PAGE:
Roger Ng’s trial goes to the jury | Thomas Fox – Compliance Evangelist
The Roger Ng Foreign Corrupt Practices Act (FCPA) trial has now concluded its testimony phase, the parties are closed and the decision on whether or not to release Ng rests with the jury. The closing arguments highlighted the strengths and weaknesses of both parties’ positions in the trial. As reported by Patricia Hurtado, writing in Bloomberg, closing the prosecution assaulted Ng’s defense based on the testimony of Ng’s wife, Hwee Bin Lim, who said that a “$35.1 million capital injection into a front company that she controlled was not a bribe to her husband in the 1MDB scheme, but stemmed from an unrelated and legitimate business transaction. » Luc Cohen, writing in Reuters, said that “Ng’s wife, Hwee Bin Lim, later testified for the defense that the business venture was, in fact, legitimate. She said she invested $6 million in the mid-2000s in a Chinese company owned by the family of Leissner’s wife at the time, and the $35 million was her return on that investment.
The biggest problem for the prosecution was its star witness Timothy Leissner. From his innocuous admission of “lying a lot,” the government had to both depend on Leissner’s testimony and distance itself from it, largely at the same time. In the first category, Cohen wrote that “Leissner said the men (he and Ng) agreed to tell the banks a ‘cover story’ that the money was from a legitimate business venture between their wives and that Alixandra Smith, a prosecutor, said in her closing argument that other evidence supported Leissner’s testimony.
In this last category, Matthew Goldstein, writing in the New York Times, said: “A federal prosecutor told jurors on Monday that they had received enough evidence to convict a former Goldman Sachs banker for his role in one of the biggest international money laundering and corruption schemes, even without the testimony of the government’s star witness.” He went on to note that the prosecutor claimed Leissner selected moments of truthful testimony, writing “Mr. Leissner didn’t lie when he testified in federal court in Brooklyn about the key facts of the scheme, which was funded by a series of bond issues Goldman arranged for the 1MDB fund.
The defense assailed Leissner and his testimony during their grueling 6-day cross-examination, where Leissner “admitted to lying a lot in life. He was forced to admit that he first lied to federal agents, his fellow Goldman partners, and his wives and girlfriends. At closing, Ng’s attorney “stated that Mr. Leissner was a man who ‘will lie if it suits his interests.’ He said that despite what the prosecution said, without Mr. Leissner, the government couldn’t link Mr. Ng to the plot to steal billions from the 1MDB fund. There’s no evidence that links Roger. There’s not a dirty email. Not a bad text.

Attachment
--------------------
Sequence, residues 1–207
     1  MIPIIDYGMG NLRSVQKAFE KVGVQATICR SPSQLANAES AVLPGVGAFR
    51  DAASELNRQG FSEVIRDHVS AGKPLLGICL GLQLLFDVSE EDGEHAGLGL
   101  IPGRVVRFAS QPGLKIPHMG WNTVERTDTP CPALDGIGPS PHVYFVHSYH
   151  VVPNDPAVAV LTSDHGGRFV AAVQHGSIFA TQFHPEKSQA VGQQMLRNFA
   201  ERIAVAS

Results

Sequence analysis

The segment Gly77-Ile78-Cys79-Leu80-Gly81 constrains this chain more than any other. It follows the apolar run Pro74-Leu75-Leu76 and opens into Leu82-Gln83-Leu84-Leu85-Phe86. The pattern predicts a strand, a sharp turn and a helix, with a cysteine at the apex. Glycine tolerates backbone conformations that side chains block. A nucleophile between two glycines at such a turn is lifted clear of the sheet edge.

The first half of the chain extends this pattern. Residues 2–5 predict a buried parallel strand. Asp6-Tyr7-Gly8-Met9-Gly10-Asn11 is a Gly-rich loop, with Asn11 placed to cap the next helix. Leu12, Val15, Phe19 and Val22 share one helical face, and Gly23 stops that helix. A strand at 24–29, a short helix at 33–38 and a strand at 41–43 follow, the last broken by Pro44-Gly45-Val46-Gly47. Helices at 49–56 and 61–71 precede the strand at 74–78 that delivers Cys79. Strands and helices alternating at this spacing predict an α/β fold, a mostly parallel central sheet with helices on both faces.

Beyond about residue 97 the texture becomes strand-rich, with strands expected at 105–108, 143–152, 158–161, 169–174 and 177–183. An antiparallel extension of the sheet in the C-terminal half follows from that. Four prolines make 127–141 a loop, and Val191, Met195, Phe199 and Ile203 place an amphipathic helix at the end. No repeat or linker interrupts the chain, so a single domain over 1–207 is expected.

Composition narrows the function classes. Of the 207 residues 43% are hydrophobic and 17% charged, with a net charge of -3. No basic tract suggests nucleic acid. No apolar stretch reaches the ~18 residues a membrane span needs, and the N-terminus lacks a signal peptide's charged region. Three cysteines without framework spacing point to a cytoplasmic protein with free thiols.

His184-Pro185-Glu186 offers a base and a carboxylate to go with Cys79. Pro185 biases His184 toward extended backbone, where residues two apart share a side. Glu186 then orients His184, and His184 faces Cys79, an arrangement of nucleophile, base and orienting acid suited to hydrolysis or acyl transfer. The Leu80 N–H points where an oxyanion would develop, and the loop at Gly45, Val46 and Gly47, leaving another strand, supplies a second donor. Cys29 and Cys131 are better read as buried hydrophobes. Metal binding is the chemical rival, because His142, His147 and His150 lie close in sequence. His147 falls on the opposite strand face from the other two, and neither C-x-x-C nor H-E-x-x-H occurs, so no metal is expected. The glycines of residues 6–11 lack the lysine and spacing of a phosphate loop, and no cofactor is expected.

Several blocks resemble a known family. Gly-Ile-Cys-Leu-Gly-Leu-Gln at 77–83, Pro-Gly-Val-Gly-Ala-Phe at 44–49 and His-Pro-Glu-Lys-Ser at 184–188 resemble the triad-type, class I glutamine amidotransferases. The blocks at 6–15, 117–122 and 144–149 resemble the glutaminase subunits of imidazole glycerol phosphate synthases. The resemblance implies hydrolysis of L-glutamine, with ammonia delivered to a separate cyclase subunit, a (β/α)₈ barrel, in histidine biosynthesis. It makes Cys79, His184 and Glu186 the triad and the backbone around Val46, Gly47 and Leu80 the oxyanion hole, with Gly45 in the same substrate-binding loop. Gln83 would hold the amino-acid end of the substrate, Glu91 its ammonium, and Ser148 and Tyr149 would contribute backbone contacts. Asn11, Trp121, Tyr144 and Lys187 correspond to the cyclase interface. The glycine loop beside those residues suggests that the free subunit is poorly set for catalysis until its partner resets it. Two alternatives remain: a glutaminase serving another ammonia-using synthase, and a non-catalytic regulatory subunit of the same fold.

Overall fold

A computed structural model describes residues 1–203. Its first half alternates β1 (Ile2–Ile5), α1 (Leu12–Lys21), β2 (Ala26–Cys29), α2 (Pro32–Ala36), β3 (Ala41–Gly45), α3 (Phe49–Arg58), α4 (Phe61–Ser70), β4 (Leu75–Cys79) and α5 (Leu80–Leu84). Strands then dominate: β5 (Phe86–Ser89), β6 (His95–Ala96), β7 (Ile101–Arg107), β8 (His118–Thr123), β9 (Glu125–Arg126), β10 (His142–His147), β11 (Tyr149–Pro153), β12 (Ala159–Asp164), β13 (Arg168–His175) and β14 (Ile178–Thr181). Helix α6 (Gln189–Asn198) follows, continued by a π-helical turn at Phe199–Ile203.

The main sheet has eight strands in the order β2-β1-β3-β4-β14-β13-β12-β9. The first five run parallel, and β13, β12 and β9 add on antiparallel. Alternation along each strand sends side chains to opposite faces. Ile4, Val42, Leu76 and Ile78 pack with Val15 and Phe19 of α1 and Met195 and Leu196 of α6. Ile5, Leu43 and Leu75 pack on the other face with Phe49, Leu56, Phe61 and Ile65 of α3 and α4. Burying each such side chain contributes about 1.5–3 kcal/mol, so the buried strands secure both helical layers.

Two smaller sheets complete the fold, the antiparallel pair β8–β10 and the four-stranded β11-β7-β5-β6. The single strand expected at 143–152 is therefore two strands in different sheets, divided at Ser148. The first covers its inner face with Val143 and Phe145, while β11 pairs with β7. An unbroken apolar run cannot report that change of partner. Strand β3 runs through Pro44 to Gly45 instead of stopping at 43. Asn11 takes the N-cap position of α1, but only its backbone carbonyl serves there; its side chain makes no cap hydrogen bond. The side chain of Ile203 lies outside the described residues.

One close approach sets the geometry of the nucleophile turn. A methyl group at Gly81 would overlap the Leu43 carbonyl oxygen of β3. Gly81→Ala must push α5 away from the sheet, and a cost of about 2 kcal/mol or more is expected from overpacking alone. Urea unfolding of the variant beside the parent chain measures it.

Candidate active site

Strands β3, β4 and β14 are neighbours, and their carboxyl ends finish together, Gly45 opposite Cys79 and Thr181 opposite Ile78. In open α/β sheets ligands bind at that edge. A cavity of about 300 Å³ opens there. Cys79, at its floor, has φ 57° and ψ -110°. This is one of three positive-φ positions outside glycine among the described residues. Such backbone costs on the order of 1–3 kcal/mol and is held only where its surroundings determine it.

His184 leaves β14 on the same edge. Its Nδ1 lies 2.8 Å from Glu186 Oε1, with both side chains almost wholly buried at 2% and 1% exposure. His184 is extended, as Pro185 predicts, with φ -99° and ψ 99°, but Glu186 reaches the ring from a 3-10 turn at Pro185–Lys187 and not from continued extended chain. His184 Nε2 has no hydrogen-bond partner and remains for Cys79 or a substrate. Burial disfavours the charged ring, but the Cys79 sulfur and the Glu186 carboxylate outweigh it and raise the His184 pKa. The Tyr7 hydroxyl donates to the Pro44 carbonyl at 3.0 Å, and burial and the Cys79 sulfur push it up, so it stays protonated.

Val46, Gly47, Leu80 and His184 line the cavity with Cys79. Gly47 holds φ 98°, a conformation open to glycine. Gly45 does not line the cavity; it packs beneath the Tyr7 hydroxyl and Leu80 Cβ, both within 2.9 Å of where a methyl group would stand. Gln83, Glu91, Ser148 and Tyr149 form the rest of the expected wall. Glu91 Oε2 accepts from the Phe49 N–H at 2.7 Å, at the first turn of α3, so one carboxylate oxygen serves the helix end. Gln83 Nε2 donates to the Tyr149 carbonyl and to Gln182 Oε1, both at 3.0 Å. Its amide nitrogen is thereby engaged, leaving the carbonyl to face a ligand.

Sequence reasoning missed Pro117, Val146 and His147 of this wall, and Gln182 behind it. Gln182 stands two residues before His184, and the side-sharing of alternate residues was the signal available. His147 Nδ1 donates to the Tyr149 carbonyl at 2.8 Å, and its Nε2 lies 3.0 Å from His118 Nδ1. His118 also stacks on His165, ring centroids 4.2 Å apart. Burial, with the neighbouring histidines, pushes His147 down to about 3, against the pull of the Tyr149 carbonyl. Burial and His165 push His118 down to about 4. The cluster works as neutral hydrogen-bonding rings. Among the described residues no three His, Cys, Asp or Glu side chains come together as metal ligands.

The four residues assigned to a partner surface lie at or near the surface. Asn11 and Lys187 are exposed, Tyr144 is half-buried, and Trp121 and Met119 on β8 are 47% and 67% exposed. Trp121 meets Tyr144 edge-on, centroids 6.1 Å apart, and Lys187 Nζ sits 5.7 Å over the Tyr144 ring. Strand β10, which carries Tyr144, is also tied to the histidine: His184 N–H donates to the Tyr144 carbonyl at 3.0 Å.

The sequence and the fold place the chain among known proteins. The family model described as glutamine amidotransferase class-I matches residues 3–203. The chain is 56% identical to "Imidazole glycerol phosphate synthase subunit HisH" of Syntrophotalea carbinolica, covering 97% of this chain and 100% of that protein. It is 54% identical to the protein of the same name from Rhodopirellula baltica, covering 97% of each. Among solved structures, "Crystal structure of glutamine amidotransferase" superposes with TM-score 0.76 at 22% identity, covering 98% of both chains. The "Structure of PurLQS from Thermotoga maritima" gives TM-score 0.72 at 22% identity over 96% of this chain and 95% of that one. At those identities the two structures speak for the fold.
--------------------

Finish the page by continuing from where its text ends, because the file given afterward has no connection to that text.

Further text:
Interestingly, in refuting the charge, another prosecutor, Drew Rolle, seemed to change tack to defend and rehabilitate Leissner. Stewart Bishop, writing in Law360 said “Rolle also mounted a final defense of Leissner. Tim Leissner came here, spoke up and told you the unvarnished truth,” Rolle said. “It was painful, but that’s what has to happen, because it’s the truth.” When you have to try to rehabilitate the witness to your story in the event of a rebuttal, it’s never a good sign.
Finally, in an interesting twist, Hurtado reported that “the jury in the 1MDB conspiracy case against former Goldman Sachs banker Roger Ng has asked to consider his wife’s testimony which the defense says is essential. in his file. After seven weeks of testimony in federal court in Brooklyn, New York, jurors deciding the fate of the former head of investment banking at Goldman Sachs Group Inc. in Malaysia made the request shortly after beginning their deliberations on Tuesday afternoon. Trial attorneys and trial observers continually try to read the signs of the jury. It seems to me that this request signifies that the jury took Ng’s defense to heart through his wife’s testimony about the origin of the family funds.
We all have to sit now and wait for the jury to come back with their verdict. If the jury returns a guilty verdict, it will bolster the Department of Justice’s (DOJ) attempts to hold individual actors accountable for their actions in engaging in FCPA violations and other white-collar crimes involving corporations. . If the jury returns with a not-guilty verdict following the largest corporate FCPA fine and penalty, against Ng’s former employer, Goldman Sachs, it could bode ill for the DOJ’s attempts to hold. responsible individuals in similar cases or even other instances of fraud cases. go forward. If there is a not guilty verdict in the Ng and you match it with the recent not guilty verdict in the indictment of Mark Forkner, the former chief technical pilot at Boeing responsible for the 737 Max, that may well indicate the difficulties of trying to empower employees of large corporations.
Mike Volkov said of Forkner’s verdict: “Juries often do justice to deliberations and verdicts. In the Boeing case, the jurors saw through the government’s lack of fairness – Boeing officials were not charged – only a chief technical pilot was held liable. The fundamental flaw in this approach is that even assuming Forkner was at fault, his actions or omissions occurred in the context of an organization with co-workers, supervisors and other senior officials ultimately responsible for Boeing shares. He concluded that “Forkner’s defense attorney argued to the jury, ‘This was a massive corporate failure, and Boeing just needed someone to pin it down.’ The jury accepted.